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Author Topic: Orton style images  (Read 8435 times)
John R
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« on: January 22, 2009, 05:45:30 AM »
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Waht do you think of this type of image. Very Simple. Orton style image. One shot in focus, normal aperture, half exposure; second shot out of focus, wide open aperture, half exposure. two shots then blended. Used to do the same with slides, so is old technique. Works for some subjects but not for others.

John R

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« Last Edit: February 12, 2009, 05:49:32 PM by John R » Logged
wolfnowl
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« Reply #1 on: January 23, 2009, 02:56:48 AM »
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Well it definitely gives the look of a painting... love the saturated colours!

Mike.
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John R
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« Reply #2 on: January 23, 2009, 06:10:46 AM »
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Quote from: wolfnowl
Well it definitely gives the look of a painting... love the saturated colours!

Mike.
Thanks Mike. Yes it can increase saturation. But the main thing the Orton process does is impart a surreal or painterly look to images, and if used judiciously, it works well.
« Last Edit: January 23, 2009, 06:11:33 AM by John R » Logged
kikashi
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« Reply #3 on: January 23, 2009, 10:48:53 AM »
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Quote from: John R
Thanks Mike. Yes it can increase saturation. But the main thing the Orton process does is impart a surreal or painterly look to images, and if used judiciously, it works well.
I think you have used it judiciously and that it does work well. Lovely colours.

Jeremy
« Last Edit: January 23, 2009, 10:49:18 AM by kikashi » Logged
DarkPenguin
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« Reply #4 on: January 23, 2009, 02:48:14 PM »
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Quote from: John R
Waht do you think of this type of image. Very Simple. Orton style image. One shot in focus, normal aperture, half exposure; second shot out of focus, wide open aperture, half exposure. two shots then blended. Used to do the same with slides, so is old technique. Works for some subjects but not for others.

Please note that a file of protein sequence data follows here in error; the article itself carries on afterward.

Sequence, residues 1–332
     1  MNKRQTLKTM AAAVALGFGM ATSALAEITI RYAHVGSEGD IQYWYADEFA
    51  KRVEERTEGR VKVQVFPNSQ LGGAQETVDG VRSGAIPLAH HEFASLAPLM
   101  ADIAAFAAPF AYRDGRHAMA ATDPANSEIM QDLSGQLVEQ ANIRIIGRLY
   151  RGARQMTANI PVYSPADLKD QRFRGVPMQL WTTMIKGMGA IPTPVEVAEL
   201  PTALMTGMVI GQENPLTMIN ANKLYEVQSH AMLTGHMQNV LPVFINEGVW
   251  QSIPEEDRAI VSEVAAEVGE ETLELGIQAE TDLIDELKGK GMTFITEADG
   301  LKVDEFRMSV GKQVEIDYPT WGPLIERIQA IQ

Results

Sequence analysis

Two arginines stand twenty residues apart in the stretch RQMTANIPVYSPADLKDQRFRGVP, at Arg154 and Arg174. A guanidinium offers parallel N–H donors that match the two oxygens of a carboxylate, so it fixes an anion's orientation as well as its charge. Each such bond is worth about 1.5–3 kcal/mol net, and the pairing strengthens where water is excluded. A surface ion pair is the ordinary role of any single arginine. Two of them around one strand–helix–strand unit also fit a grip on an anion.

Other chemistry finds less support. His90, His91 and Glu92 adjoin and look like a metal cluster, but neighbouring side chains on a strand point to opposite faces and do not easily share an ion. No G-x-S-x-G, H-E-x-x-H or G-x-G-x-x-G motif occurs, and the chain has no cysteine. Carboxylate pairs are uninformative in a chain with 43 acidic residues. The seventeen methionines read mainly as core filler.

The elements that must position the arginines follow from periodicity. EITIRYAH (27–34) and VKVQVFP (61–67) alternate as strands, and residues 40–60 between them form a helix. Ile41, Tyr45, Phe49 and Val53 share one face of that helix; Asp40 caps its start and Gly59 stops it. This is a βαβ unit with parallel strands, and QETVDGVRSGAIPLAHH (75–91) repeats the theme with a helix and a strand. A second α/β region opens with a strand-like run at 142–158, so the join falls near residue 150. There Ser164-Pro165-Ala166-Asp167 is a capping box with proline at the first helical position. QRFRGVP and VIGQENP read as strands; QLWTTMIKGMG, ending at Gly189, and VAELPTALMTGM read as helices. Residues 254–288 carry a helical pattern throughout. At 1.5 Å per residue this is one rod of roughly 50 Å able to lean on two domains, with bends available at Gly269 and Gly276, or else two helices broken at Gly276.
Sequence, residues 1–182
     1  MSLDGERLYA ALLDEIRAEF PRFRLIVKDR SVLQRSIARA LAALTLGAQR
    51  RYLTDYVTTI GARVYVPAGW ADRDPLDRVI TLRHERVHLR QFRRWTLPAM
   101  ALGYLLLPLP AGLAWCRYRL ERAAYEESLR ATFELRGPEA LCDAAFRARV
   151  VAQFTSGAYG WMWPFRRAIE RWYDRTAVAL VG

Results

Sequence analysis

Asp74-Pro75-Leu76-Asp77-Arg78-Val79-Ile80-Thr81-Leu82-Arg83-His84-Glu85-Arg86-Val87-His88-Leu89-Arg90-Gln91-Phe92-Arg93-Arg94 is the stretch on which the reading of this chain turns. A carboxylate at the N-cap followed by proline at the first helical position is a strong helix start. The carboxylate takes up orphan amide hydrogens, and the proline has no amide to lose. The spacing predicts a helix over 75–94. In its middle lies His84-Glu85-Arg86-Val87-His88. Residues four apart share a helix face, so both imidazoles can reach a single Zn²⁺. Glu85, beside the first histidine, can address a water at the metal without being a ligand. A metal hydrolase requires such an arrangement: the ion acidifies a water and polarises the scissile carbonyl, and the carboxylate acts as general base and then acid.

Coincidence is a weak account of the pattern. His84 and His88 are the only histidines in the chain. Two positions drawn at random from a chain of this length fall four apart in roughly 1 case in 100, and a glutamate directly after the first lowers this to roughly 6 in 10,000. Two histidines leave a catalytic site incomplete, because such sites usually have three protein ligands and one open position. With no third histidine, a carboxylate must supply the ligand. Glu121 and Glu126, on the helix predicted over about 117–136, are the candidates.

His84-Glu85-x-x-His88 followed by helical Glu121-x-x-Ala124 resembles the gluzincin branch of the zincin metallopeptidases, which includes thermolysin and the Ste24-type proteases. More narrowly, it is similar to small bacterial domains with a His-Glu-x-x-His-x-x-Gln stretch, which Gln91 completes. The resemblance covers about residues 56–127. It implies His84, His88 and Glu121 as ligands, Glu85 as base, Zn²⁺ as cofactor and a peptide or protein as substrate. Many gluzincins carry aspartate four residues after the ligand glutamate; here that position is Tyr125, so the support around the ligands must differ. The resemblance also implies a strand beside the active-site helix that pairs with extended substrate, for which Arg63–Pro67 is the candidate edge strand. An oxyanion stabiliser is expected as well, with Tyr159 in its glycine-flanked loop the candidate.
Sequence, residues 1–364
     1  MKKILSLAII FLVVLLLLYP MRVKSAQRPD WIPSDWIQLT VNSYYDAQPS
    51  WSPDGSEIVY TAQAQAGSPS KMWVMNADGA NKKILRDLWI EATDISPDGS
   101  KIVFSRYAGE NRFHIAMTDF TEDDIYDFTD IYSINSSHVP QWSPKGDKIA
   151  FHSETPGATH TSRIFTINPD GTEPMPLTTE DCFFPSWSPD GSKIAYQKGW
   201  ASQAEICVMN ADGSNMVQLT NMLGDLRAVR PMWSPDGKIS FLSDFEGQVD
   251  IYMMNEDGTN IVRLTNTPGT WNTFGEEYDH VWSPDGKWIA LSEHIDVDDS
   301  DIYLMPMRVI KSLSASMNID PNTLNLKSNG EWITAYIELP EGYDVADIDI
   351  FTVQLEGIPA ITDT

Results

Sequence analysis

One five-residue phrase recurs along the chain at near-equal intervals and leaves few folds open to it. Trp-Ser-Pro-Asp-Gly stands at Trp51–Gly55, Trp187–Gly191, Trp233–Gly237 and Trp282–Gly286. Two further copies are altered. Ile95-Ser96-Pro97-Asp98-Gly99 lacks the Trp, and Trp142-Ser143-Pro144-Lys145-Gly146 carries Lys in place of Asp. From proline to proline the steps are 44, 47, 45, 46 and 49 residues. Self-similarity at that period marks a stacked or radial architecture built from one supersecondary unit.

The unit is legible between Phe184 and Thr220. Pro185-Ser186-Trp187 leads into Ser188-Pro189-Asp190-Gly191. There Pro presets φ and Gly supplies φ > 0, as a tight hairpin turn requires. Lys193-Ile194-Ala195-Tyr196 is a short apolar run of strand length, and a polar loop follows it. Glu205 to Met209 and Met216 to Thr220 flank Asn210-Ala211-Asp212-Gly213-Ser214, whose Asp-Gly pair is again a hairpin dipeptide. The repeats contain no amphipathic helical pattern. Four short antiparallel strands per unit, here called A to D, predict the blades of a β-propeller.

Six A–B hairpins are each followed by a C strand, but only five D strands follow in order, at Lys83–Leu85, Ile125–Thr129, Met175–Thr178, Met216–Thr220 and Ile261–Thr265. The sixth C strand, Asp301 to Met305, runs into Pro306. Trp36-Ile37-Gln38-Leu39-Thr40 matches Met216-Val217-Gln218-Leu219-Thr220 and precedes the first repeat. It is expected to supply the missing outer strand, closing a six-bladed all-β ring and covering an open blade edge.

John R

Half exposure?  Do you do that with digital or just do a funky blend mode?
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John R
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« Reply #5 on: January 23, 2009, 04:16:22 PM »
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Quote from: DarkPenguin
Half exposure?  Do you do that with digital or just do a funky blend mode?
There are essentially two methods. I suggest you look it up here at http://www.andregallant.com/new_galleries/...s/montages.html And for many wonderful examples look here: http://www.stephenpatterson.com/

1) take two images, one everexposed abt 1/3 to 1/2, in focus and at desired aperture. Second exposure taken 1/2-2/3 overexposed and OUT-OF-FOCUS at largest aperture available, like 5.6-1.8. Bracket and practice as there is no sure way to see how the blend will work. Then take two images and blend or overlay. Watch the magic appear. This method creates a more painterly and subtle result and comes from the slide film era and is still used today.
2) In any PP program, take image and duplicate a layer (try on light images with as little black as possible) Leave first layer alone. On second layer, apply gausian blur to taste, abt 10-20 % and then blend, overlay, or use multiply feature. Watch the magic appear. On both layers, adjust levels to taste.

Finally, a word of advice: this can easily be overdone and look gimmicky, so select images that will work and are inkeeping with the statement you want to make with your photographs.

John R.
« Last Edit: January 23, 2009, 09:45:00 PM by John R » Logged
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